By DJ Randolph | Mossy Oak Regional ProStaff
I have been very fortunate to get to take many young hunters to the field. It is a very rewarding experience, but it requires a whole other level of preparation and patience. Their attention span, patience and tolerances of weather can be very different from that of an experienced hunter. Here are a few things to keep in mind when taking kids afield.
Make sure they know their equipment. It’s very easy to do some shooting in the backyard or at a range. Whether with a bow or gun, we usually practice in very controlled conditions. It’s important to remember that the new hunter lacks experience and younger hunters don’t go through those “what ifs” in their head like we do. So once the weapon is sighted in it’s important to setup some real world conditions. Have them shoot from a blind, from their knees, from a treestand, etc. I like to use pictures and play “what if” games. What if the animal is facing you, broadside, quartering towards you?
Recently I had my 14 year-old daughter out hunting to fill her first youth deer tag. We ended up in a blind that she had never been in before. At last light we had two very big bucks come through about 80 yards away. She tried and tried but could not find them in the scope, so we had to let them walk. After looking over the setup, I realized that her rest was much lower than what she had practiced with so she had to lean over and was uncomfortable. The next time we went to that blind we adjusted the rest and practiced aiming at everything that came through. This was a learning experience for her and me both.
Make sure they are comfortable. Kids just don’t think things through the way that we do. I can’t count how many times we have started to leave the house in the afternoon when it’s 60 degrees out and the kids have on t-shirts and little ankle socks. They don’t think that it might be 40 degrees by sundown. So take a few minutes and make sure that they have the proper kids hunting clothes that they will need and explain to them how the temperature and weather can change and the importance of being prepared.
Seeing animals is usually more important than getting a trophy. A lot of us die hard hunters are willing to sit in an uncomfortable tree, overlooking a nasty swamp, for days on end just to get a chance at a trophy. Kids usually need a little more action. I try to find easily accessible areas that hold a variety of game. We might be deer hunting but watching turkeys, squirrels, raccoons, whatever, keeps the kids entertained. It’s also an opportunity to teach them about the other species. I also give the kids their own pair of binoculars, because they love watching animals through binos.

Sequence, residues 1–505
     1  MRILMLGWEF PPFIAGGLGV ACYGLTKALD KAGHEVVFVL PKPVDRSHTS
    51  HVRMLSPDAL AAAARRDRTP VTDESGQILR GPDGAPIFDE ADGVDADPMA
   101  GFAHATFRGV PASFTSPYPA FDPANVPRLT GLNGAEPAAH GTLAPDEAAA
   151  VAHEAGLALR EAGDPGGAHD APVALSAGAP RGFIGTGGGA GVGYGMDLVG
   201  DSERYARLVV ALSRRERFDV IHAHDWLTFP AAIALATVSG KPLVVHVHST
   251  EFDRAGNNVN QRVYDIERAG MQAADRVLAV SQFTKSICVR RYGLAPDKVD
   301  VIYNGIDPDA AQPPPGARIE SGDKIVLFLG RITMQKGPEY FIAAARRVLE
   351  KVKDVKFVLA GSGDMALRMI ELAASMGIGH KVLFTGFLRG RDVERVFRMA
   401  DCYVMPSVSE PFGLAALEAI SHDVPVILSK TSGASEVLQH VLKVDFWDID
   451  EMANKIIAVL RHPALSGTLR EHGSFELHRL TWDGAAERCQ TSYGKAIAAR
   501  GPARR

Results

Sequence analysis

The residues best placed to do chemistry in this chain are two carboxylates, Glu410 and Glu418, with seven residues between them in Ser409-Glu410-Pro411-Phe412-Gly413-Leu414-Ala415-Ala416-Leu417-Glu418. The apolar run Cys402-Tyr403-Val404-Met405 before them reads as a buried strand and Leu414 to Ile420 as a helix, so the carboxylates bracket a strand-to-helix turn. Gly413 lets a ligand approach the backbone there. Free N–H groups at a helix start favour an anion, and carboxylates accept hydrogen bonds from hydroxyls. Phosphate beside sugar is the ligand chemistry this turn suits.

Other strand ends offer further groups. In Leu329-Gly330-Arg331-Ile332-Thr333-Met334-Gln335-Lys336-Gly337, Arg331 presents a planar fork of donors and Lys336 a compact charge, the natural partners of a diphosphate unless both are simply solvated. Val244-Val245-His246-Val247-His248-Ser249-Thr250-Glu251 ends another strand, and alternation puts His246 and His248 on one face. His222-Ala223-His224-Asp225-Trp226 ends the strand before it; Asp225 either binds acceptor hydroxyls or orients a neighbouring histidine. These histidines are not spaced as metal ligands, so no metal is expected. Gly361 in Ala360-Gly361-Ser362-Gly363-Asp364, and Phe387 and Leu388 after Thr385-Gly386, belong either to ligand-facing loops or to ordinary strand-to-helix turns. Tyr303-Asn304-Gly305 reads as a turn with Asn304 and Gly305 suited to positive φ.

Bring snacks. I have a soft-sided backpack cooler that we always have some jerky, cookies, sunflower seeds and drinks in. If you aren’t seeing animals, it helps kill the time and prevents that “I’m hungry!” about the time things should start getting good.
Remember to offer potty breaks. Ask often because they don’t always tell you. It’s never good to hear “I have to go!” about the time turkeys fly down from the roost.
Give them some responsibility; they like it. I like for each kid to have a backpack to put gloves, flashlight, snacks, binos and other needs in. It makes them feel important and it teaches them responsibility.
Time spent in the field with young hunters is priceless. It’s a chance to talk with them without the interruptions of everyday life. Without the TV and the phone wonderful conversations take place. It’s a chance to teach them about nature and the species we do and do not hunt. It’s also an opportunity for us to get to know them better. It’s those bonds that help us be better role models and help them grow into better adults.